Fentanyl was found under the trap door of a Bronx daycare center after the baby’s death

Investigators have found more fentanyl hidden under a trap door at the New York City day care center where a 1-year-old boy fell ill and later died last week and three other children fell ill due to apparent opioid exposure, police said.

Investigators discovered the trap door in the daycare’s play area while executing a search warrant on Wednesday, the NYPD said in an update Thursday.

Concealed under the trap door, they found fentanyl, other narcotics and drug paraphernalia, the department said. Photos shared by police showed several bags apparently hidden under a floorboard. It was not immediately clear what other narcotics were involved.

The NYPD did not immediately respond to an overnight request for further information.

In this photo provided by the New York City Police Department, narcotics, including fentanyl, and drug paraphernalia lie on the floor of a day care center on September 21, 2023 in New York.
Police said the narcotics, including fentanyl, and drug paraphernalia were hidden under plywood and tile floors.NYPD/AP

The discovery comes after Divino Niño daycare owner Grei Mendez, 36, and alleged accomplice Carlisto Acevedo Brito, 41, were federally charged earlier this week in connection with the death of 1-year-old Nicholas Dominici.

Both Mendez and Brito were charged with conspiracy to distribute narcotics resulting in death and possession with intent to distribute narcotics resulting in death in the Southern District of New York, according to a complaint unsealed Tuesday by a Drug Enforcement Administration agent.

The complaint alleged that drugs were also stored in a hallway closet on children’s play mats at the facility. Two-kilo presses, which drug dealers typically use to package large amounts of drugs, were also said to have been found in the closet, as well as a third in the owner’s bedroom.

Mendez and Brito, Mendez’s husband’s cousin who rented a room at the daycare, worked together from July to September, according to the complaint.

An attorney for Mendez, Andres Manual Aranda, told NBC News on Monday that Mendez had “no idea” there were drugs in the facility and that she called 911 when she realized the drugs were being used There was something wrong with the children in the September 15 incident. Aranda could not immediately be reached for comment early Friday.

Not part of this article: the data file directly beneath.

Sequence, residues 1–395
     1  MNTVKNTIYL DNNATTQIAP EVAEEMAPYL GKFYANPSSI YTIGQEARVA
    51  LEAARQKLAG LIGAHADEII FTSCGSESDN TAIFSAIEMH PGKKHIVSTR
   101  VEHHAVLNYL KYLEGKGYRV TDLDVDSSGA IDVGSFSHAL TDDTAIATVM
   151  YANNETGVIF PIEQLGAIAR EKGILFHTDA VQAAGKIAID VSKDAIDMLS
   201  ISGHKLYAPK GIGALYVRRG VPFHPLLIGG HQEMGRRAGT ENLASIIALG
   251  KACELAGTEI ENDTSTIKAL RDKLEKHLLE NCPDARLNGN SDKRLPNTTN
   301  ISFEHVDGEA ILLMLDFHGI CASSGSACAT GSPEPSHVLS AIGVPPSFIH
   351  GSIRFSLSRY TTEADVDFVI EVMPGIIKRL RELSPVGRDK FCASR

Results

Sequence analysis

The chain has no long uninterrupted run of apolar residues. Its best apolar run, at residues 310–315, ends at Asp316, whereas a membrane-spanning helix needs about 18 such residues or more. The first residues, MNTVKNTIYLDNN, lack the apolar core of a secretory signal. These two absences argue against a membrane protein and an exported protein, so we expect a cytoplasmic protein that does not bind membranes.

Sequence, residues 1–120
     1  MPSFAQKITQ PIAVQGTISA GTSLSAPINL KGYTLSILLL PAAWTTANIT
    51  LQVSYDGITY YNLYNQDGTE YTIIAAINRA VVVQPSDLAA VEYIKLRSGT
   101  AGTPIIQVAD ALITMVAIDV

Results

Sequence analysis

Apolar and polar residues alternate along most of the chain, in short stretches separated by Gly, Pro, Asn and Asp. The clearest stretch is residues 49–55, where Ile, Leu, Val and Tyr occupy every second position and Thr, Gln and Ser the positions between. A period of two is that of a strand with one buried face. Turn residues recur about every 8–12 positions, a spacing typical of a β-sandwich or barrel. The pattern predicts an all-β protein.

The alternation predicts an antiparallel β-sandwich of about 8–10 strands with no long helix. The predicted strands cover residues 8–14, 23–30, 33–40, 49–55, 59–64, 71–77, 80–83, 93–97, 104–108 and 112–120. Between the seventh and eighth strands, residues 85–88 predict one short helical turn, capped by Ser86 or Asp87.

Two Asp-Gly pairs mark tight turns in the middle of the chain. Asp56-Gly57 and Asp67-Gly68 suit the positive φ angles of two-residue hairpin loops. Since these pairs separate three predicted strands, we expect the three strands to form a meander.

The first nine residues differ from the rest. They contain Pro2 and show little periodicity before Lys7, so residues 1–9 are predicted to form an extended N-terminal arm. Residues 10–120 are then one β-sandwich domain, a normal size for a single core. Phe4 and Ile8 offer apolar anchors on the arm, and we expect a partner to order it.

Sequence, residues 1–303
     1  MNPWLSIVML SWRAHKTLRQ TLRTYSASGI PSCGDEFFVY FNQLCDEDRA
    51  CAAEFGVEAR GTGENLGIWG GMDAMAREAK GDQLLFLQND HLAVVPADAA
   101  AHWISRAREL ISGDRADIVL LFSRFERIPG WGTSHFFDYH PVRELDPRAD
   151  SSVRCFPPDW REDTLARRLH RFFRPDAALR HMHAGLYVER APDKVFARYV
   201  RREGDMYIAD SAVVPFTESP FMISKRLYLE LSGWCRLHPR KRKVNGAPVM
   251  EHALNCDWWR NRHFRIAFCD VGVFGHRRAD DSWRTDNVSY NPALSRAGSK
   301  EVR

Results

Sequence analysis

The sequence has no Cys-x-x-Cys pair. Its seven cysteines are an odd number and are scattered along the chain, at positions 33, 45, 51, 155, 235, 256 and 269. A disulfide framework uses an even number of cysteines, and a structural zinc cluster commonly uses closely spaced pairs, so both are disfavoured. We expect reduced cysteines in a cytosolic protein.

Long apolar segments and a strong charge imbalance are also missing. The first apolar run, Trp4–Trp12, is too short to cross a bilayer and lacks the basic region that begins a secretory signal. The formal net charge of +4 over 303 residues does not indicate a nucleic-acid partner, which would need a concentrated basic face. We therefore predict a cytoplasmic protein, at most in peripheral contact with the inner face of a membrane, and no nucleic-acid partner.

The complaint alleged that she actually made three additional calls before calling the police at 2:40 p.m. ET. The first call went to another daycare worker at 2:39 p.m. The latter two went to someone she later described as her husband. The first call went unanswered and the second call lasted just over 10 seconds.

Mendez called her husband several more times after speaking to 911, the complaint states. And surveillance footage showed her husband entering the daycare before emergency responders arrived and leaving through the back alley two minutes later, apparently carrying two shopping bags “loaded with contents,” it said.

The complaint said the husband’s conduct amounted to an attempt to “remove materials from the daycare to prevent them from being discovered by law enforcement.”

Authorities said a search of Mendez’s phone also revealed that she deleted over 21,000 messages from an encrypted messaging application through which she exchanged messages with her husband from March 2021 until the day of the fatal incident.

The deleted messages noted that Mendez had told her husband that law enforcement was asking questions about him, the complaint says. He replied that she should tell them he was working while she told him to get a lawyer. According to the complaint, the messages were deleted before police arrived at the daycare.

Meanwhile, a review of Brito’s electronic devices revealed that he had exchanged messages with others that suggested his “involvement in drug trafficking,” the complaint says.

The NYPD said the investigation into the Sept. 15 incident is ongoing.

The Substance Abuse and Mental Health Services Administration has a 24-hour national helpline for individuals with substance abuse problems and their family members. The hotline, which offers help in English and Spanish, is at 800-662-HELP (4357). To find behavioral health treatment services, visit SAMHSA’s website.

Brian Ashcraft

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